Rights of survivorship

(redirected from With Right of Survivorship)

Rights of Survivorship

In a situation where two or more persons jointly own property, the right of the other owner(s) to continue to own the property when one owner dies. In other words, a jointly-owned property with right of survivorship does not become part of a decedent's estate; rather, his/her co-owner(s) continue to own the property. Couples may have rights of survivorship on a jointly-owned house, for example. It may also be used in a joint business venture: if two persons own an apartment complex and one of them dies, the whole of the complex belongs to the co-owner and not the decedent's heirs. It is important to note, however, that the decedent's liabilities may remain attached to this property and may be used to pay off creditors, even if the creditor had nothing to do with the property in question. See also: Tenants in common.
Farlex Financial Dictionary. © 2012 Farlex, Inc. All Rights Reserved

Rights of survivorship.

If two or more people own property jointly with rights of survivorship and one of the owners should die, the deceased owner's share of the property automatically passes to the surviving owners.

This arrangement for joint ownership is in contrast to the arrangement known as tenants-in-common, in which a deceased owner's share becomes part of his or her estate and can be sold or distributed to heirs according to the terms of his or her will.

Couples who own their own home jointly often opt for right of survivorship to allow the surviving partner to enjoy full ownership rights to their home.

Dictionary of Financial Terms. Copyright © 2008 Lightbulb Press, Inc. All Rights Reserved.
References in periodicals archive ?
She and I were joint tenants with right of survivorship. I never had the deed brought up-to-date, and I am unable to locate the deed.
But because they are a same-sex married couple and because Florida is a 'non-recognition state,' if they want the title to the property to contain a survivorship element (and they do), they are required to take title as 'joint tenants with right of survivorship.'
citizens with all their assets titled as joint tenants with right of survivorship, and their net worth is $10 million.
This article examines the effects of owning property as tenants by the entirety, tenants in common, joint tenants with right of survivorship, and with life estates.
Are 'Joint Tenancy with Right of Survivorship' and 'Community Property' the Same Thing?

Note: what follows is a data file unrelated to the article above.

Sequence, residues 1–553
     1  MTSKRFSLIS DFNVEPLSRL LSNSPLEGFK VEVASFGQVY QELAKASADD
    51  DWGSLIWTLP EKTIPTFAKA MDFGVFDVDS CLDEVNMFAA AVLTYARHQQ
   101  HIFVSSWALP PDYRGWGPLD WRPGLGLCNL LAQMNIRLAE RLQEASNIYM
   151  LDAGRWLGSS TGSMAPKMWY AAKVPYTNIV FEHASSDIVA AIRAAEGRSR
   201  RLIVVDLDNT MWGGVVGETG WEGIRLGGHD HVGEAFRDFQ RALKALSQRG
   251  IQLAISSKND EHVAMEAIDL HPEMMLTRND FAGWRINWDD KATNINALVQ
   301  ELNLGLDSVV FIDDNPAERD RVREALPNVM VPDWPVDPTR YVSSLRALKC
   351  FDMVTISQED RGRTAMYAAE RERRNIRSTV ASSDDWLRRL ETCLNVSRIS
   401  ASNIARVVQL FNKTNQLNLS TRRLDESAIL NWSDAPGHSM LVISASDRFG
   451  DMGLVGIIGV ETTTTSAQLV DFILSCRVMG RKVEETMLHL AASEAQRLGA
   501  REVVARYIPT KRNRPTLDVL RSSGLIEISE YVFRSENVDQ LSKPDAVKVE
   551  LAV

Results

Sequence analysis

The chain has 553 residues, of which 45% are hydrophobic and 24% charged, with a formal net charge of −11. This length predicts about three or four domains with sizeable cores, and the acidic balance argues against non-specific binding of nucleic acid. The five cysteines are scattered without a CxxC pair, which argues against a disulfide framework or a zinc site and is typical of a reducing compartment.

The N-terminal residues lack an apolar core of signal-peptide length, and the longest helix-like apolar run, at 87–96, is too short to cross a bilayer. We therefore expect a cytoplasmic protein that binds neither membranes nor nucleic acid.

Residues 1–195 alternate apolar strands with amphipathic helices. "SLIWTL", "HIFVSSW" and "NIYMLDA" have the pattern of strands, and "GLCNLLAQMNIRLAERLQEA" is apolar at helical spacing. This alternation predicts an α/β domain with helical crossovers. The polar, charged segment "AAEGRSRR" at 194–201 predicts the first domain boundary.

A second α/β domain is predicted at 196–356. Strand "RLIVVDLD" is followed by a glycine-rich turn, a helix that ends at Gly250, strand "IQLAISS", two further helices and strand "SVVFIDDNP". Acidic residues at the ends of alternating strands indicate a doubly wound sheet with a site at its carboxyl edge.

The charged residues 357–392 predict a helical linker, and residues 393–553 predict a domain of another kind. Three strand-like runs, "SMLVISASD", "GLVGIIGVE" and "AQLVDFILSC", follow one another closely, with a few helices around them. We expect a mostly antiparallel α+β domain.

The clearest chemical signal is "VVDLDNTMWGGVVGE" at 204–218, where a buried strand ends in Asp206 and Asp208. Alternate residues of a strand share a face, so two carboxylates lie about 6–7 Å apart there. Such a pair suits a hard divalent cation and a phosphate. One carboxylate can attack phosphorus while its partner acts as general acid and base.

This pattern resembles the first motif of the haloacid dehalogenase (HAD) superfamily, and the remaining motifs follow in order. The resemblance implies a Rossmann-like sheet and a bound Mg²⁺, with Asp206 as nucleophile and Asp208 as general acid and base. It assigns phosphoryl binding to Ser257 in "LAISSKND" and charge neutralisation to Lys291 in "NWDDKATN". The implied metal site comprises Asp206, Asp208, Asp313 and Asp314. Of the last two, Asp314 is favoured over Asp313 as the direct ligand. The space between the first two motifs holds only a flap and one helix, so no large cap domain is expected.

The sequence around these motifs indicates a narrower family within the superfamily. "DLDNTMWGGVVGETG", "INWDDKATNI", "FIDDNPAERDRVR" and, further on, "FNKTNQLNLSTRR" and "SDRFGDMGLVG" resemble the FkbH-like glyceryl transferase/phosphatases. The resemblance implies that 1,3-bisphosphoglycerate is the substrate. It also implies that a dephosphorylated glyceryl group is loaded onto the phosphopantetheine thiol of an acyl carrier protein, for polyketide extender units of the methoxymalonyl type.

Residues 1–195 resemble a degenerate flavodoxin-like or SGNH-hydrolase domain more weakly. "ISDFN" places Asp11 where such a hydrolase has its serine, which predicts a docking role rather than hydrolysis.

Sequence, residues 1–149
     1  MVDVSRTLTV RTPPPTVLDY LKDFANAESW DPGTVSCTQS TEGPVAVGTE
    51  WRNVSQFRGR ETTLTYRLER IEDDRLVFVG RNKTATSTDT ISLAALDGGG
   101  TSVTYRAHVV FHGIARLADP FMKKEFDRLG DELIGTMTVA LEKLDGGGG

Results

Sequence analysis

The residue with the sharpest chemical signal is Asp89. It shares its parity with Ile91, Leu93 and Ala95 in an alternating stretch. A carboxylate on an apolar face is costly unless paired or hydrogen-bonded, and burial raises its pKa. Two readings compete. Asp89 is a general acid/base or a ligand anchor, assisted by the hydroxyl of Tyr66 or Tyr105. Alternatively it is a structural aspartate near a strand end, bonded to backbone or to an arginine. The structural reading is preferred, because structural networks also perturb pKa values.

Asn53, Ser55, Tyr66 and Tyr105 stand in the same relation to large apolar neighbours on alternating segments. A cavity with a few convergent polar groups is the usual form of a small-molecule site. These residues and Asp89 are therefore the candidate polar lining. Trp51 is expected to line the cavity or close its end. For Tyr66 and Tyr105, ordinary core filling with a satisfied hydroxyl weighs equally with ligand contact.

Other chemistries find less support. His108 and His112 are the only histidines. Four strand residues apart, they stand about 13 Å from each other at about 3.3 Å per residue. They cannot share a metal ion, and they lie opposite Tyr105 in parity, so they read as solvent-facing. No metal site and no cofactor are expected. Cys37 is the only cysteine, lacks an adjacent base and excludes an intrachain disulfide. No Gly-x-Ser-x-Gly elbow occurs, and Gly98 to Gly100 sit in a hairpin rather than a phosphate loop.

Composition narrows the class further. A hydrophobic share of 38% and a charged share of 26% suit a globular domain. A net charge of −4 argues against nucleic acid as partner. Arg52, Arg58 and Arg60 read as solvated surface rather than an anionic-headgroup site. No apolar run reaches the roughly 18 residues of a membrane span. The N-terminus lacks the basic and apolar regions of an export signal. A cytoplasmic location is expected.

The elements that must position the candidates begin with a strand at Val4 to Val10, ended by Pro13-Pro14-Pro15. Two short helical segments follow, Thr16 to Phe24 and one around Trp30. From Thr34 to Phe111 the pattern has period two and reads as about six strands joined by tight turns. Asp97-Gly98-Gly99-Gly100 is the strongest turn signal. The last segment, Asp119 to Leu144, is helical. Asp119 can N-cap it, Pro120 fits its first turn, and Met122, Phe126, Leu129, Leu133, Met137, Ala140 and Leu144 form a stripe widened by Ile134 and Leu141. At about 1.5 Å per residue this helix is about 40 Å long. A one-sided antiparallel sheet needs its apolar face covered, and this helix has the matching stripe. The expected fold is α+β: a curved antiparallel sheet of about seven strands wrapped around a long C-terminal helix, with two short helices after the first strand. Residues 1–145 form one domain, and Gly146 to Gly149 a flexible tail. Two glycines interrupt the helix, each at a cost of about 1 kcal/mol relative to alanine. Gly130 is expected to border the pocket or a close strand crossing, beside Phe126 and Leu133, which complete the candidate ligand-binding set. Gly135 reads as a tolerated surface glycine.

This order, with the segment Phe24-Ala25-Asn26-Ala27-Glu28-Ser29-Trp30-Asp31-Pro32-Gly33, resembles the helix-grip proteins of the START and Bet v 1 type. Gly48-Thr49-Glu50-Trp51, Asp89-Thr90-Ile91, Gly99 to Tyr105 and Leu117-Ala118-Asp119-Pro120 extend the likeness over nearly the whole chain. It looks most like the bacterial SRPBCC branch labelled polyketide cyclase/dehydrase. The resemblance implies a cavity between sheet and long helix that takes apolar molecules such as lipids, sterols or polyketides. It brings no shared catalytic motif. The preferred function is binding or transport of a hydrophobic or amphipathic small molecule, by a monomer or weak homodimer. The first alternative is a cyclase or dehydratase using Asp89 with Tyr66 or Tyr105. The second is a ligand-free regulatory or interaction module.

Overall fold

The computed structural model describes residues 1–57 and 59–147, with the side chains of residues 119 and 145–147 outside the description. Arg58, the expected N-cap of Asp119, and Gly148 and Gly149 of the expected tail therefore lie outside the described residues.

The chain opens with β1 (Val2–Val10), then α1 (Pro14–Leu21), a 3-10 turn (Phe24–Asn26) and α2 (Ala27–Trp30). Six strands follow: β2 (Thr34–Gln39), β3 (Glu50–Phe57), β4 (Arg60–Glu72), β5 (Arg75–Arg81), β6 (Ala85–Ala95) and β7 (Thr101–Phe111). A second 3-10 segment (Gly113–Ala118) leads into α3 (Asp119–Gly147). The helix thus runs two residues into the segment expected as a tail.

Where the property is owned in joint tenancy with right of survivorship, each joint tenant has an undivided interest in the entire property.
For example, Dad leaves a vacation home to his three children, Tom, Ann, and Rita, as joint tenants with right of survivorship. Ann dies first.
William Biggers and Linda Crook, brother and sister, inherited a piece of real property upon the death of their mother, taking the property as joint tenants with right of survivorship. The parties agreed that Biggers would live on the property, maintain the home, and pay the taxes.
In general, property is owned outright, as tenants in common, as joint tenants with rights of survivorship, or as community property (in some states, such as California, including community property with right of survivorship).
ERTA amended the definition of a qualified joint interest under IRC section 2040(b)(2) to include any interest in property held by the decedent and the decedent's spouse as either tenants by the entirety or joint tenants with right of survivorship. It eliminated the requirement that a gift be created in order for the joint interest to qualify.
When you are the sole owner of assets and you "gift" these assets to family members by transferring the assets into joint ownership with right of survivorship, a "deemed disposition" may result and the income tax attribution rules may come into play.
Property owned as joint tenants with right of survivorship is not treated the same and one tenant's interest in such property generally may be reached by his or her creditors, perhaps through partition of the debtor's interest.